You will first have to enter the protected mode, and to set 5 segments:
- The null segment
- A kernel code segment
- A kernel data segment
- A userland code segment
- A userland data segment
- A TSS to be able to switch from userland to kernelland.
The creation of the userland segment may be postponed to the binary loading. In fact, you cannot determine the size of the code segment without looking at the binary.
- Set up your own GDT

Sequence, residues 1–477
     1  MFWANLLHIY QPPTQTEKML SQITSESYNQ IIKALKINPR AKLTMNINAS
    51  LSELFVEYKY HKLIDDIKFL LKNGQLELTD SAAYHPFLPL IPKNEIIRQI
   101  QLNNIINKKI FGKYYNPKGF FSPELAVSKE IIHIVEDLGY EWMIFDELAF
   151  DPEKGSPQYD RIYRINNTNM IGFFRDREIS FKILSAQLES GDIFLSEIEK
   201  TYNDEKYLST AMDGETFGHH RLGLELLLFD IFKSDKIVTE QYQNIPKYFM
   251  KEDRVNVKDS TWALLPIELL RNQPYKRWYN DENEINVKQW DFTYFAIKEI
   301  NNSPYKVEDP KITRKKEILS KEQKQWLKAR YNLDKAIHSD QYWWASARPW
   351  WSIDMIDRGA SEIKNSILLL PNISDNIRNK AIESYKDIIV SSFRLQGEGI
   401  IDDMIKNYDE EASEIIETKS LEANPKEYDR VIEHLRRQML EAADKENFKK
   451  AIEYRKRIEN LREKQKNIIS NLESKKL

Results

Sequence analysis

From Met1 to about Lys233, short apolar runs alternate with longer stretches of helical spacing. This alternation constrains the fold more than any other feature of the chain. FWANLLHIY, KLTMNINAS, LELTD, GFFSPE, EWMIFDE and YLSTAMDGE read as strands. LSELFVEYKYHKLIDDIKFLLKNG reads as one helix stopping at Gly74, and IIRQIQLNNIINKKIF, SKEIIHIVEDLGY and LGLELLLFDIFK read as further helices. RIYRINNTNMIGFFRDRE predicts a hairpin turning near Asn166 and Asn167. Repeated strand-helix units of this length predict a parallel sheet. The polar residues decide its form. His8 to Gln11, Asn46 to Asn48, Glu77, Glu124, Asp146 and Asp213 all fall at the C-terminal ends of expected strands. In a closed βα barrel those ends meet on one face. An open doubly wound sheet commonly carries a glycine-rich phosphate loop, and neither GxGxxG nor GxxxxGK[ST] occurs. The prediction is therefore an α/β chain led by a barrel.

- You will need a kernel allocator for some libc functions, a dummy one will suffice, but don’t forget that kernel data should not appear in the rom address space.
- When setting up your GDT, you will face tons of reboot. It often means that your GDT is not set correctly.
Some memory areas are already busy, you should take care of this when creating
the user data and code segment. You can use the
given by GRUB to find those areas:
- the kernel code
- the user program
- I/O mappings (video framebuffer)
- Intel manual Vol. 3A chapter 3.4 (LOGICAL AND LINEAR ADDRESSES)